Precisely one year after my first scan and in the lead up to starting treatment for my MS I was required to have a second MRI. Knowing already that I had MS I wasn’t worried about the scan and so confidently dressed myself in the blue gown provided and sat down to await the radiographer’s instructions. Running through my pre-scan questionnaire he seemed pretty happy to proceed and, calling me forward, said, “Right, let’s take a look at how your disease is progressing.” Disease?! I have a DISEASE?? That moment has stuck with me all these years later. ‘Disease’ – it’s not a nice word. Disease conjures up a whole host of negative connotations; it sounds menacing – deadly even, not to mention contagious or something that can be caught. It sounds serious. And I know MS is serious, or at least can be, but it’s not deadly serious; it’s not going to kill you. It’s perhaps a word that should only be used when you really want to big up your MS or when you need the shock-factor. For example, if I want sympathy, I may have a ‘disease,’ but if I want to be treated like normal then I might just have a ‘condition!’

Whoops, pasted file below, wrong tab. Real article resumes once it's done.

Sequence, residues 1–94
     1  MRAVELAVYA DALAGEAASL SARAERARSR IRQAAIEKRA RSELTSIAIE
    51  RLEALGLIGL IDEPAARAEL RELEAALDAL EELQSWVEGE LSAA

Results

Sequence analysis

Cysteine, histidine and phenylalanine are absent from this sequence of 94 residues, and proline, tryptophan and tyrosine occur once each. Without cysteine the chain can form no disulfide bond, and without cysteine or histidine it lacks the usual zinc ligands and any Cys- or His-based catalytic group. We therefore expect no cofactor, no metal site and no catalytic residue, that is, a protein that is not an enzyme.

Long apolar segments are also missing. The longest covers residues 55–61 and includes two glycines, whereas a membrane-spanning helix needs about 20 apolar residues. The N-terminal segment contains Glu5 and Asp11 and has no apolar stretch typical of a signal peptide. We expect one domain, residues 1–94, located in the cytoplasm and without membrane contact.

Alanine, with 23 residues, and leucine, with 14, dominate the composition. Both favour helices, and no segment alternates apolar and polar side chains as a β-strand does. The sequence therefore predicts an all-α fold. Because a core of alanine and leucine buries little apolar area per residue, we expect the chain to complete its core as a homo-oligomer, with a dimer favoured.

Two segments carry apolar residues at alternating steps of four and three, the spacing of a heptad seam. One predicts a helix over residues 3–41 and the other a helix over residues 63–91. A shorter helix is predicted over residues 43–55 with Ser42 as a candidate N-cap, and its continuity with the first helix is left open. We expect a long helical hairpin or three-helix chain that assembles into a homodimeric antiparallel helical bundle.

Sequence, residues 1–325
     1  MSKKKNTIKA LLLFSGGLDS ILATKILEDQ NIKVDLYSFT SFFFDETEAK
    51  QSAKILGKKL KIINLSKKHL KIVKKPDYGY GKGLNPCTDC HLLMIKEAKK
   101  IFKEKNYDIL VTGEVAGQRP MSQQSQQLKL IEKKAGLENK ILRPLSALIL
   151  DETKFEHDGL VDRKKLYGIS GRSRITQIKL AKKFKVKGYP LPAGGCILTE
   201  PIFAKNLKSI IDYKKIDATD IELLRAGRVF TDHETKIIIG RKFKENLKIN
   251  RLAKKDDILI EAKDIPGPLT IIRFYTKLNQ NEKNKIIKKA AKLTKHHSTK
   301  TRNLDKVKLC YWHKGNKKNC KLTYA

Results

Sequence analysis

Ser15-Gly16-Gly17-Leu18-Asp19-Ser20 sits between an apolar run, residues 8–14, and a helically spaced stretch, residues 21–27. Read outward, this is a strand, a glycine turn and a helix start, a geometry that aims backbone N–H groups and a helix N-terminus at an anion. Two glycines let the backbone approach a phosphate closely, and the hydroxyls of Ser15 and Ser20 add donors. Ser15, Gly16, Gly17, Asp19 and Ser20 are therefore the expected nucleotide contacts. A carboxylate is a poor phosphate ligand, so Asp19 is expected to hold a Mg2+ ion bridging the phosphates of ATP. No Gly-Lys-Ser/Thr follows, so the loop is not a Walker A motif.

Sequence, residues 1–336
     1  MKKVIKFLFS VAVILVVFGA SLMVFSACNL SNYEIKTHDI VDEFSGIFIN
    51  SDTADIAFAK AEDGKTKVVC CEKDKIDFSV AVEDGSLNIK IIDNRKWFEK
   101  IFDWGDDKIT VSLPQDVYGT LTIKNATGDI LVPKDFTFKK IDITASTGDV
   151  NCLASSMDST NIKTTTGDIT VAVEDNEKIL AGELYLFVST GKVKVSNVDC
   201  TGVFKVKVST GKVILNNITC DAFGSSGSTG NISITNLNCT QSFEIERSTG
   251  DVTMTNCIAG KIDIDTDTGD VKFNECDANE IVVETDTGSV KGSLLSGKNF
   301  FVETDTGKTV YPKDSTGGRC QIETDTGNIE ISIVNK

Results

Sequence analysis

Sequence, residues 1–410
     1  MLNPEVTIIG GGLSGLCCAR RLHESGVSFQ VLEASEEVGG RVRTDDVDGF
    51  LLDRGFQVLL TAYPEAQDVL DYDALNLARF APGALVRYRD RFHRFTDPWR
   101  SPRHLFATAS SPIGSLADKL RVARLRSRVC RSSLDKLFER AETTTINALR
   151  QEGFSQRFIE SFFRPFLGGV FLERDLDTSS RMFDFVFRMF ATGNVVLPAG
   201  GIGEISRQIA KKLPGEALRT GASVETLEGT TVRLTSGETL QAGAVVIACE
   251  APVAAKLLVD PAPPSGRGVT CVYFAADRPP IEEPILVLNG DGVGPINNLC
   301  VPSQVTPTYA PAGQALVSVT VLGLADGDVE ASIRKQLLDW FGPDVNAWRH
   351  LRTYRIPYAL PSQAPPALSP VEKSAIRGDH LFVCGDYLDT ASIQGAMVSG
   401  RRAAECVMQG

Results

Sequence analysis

So, which is it? Disease? Or condition? From what I can gather both terms are correct and acceptable. The NHS website calls MS a ‘Lifelong CONDITION.’ The MS Society calls it ‘a CONDITION that affects your brain and spinal cord.’ And MS Trust calls it a ‘Neurological CONDITION,’ but goes on to say that ‘MS is a DISEASE affecting the central nervous system.’ Several other MS websites also call it a DISEASE. And what of MS treatments? Are they not called DMDs (DISEASE Modifying Drugs)?
I have discovered over the years that it is a sticky issue for a lot of MSers and I have read many heated exchanges online. The sense I get from such debates is that ‘condition’ is deemed a more positive term whereas ‘disease’ is reserved for the more negative, woe-is-me approach. But when you actually look at the definitions of these terms, neither one is terribly scary. Collins calls DISEASE, ‘Any impairment of normal physiological function.’ Oxford states that it is ‘a disorder of structure or function … especially one that produces specific symptoms.’ Whereas a CONDITION is ‘a state of physical fitness esp. good health… An ailment…’ (Collins) So, why can’t it just be both?
Sing with me:
You like potato and I like potahto
You like tomato and I like tomahto
Potato, potahto, tomato, tomahto
Let’s call the whole thing off…